Nocardiae are aerobic, nonencapsulated, nonsporeforming, partially acid-fast, gram-positive bacilli of the order Actinomycetes.1 Nocardiae species are distributed widely in the environment and live in soil and composting vegetation, only accidentally infecting humans.2
Nocardia enters the body by inhalation or by direct inoculation to the skin following trauma. A localized pulmonary or subcutaneous tissue infection usually follows. Bloodborne dissemination of the organism with development of metastatic lesions in the central nervous system, eyes, or bone may occur, especially in immunocompromised hosts.2 In addition, direct involvement of the eye has also been described following accidental trauma or surgery, causing keratitis, corneal ulcer, and endophthalmitis.3-6
Over the years, the sulfonamides alone, or in combination with trimethoprim, have remained the recommended standard drug therapy for human nocardiosis. Sulfonaraide treatment should be continued for at least 6 weeks after the disease has completely cleared.8·9 Recent in vitro studies suggest that doxycycline and amoxicillinclavulanic acid may be potentially useful in the treatment of human nocardiosis.8'9 It should be noted, however, that antibiotic susceptibility testing of Nocardiae is technically difficult and in vitro results may not be reliable predictors of clinical response.
FIGURE 1: 3 x 3-millimeter intrastromal corneal infiltration with white-yellowish discharge.
Nocardiae are a rare cause of pediatrie disease.7 A comprehensive review of the literature covering the 1895 to 1982 period found 51 pediatrie cases, of which only 3 had ocular involvement.7 In the patient herein described, slow, relentless enlargement of the corneal abscess was observed, despite administration of antimicrobial therapy. It is highly probable that Nocardia organisms were inoculated directly into the corneal epithelium by the soil-contaminated palm tree thorn. Local corticosteroid therapy and the presence of corneal sutures possibly added to the progression of the infection and thinning of the cornea, which ultimately required an emergency corneal transplantation. Identification of the organism as a Nocardia species resulted in modification of the therapeutic regimen and administration of specific antimicrobials, which apparently contributed to the control of the infection and the success of the corneal graft.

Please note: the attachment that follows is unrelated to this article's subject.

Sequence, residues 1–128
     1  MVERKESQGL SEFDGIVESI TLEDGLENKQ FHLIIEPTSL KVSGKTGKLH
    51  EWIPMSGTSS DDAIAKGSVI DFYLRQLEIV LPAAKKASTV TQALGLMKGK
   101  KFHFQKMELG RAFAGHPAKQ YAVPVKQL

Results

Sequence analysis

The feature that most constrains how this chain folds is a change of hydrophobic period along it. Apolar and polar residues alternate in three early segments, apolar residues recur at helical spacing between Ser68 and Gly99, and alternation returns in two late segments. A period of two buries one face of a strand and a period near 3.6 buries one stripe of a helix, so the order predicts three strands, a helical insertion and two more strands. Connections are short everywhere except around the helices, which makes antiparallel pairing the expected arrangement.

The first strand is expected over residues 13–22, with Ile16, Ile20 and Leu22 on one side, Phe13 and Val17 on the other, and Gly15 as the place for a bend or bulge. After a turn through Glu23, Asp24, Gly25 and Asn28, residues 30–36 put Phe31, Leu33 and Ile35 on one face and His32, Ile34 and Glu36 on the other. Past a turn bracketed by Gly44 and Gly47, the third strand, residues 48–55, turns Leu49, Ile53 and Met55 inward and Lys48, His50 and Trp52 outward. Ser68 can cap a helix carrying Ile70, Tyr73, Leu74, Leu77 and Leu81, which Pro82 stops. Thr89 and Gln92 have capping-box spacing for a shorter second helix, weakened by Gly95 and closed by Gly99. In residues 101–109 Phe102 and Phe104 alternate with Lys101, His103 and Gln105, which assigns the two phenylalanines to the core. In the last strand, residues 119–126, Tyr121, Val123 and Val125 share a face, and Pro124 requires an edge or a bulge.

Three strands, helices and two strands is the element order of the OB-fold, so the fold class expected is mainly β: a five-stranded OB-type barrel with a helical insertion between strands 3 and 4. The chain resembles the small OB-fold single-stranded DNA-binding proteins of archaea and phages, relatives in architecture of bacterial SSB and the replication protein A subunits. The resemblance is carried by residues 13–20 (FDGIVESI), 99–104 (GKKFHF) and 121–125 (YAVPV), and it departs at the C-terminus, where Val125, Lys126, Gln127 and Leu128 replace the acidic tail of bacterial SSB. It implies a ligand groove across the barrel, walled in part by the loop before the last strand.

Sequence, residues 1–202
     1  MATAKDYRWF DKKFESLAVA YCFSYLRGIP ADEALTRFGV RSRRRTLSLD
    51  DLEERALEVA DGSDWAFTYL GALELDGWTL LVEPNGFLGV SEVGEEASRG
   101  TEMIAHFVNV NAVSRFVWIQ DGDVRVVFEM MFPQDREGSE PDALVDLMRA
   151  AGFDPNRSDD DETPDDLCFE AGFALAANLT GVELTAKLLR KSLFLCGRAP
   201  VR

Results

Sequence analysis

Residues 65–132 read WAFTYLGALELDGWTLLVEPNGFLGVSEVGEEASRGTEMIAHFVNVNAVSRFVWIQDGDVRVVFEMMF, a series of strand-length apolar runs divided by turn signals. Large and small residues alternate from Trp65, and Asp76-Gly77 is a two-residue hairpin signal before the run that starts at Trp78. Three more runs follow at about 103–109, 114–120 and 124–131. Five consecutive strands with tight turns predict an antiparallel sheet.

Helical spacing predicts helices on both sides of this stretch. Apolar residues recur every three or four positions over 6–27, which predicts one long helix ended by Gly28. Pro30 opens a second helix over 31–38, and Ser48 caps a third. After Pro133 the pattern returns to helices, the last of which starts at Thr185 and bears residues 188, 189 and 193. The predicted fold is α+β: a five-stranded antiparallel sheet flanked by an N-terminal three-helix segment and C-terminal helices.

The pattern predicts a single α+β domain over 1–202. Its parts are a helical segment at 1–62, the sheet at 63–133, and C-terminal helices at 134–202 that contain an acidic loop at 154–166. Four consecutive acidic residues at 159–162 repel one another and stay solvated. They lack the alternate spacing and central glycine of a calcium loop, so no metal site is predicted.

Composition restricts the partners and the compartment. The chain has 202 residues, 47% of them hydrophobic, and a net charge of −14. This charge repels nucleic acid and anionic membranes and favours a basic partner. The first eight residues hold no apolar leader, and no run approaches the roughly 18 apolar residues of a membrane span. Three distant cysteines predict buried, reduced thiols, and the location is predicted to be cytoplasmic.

FIGURE 2: Gram's stain of corneal-scrapping specimen showing thin, gram-positive rods, suggesting Nocardia species.
Nocardiae are rarely responsible for ocular infections. However, in patients with a history of penetrating eye injury caused by soil-contaminated material, who present with a slowly-progressing infection unresponsive to routine antimicrobial drugs, the possibility of nocardiosis should be kept in mind. Careful examination of corneal scraping specimens and performance of bacteriological cultures are mandatory to establish the correct diagnosis and administer adequate antibiotic therapy.
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2. Beaman BL, Buraside J, Edwards B, Causey W. Nocardial infection in the United States, 1972-1974. J Infect Dis. 1976; 134:286-289.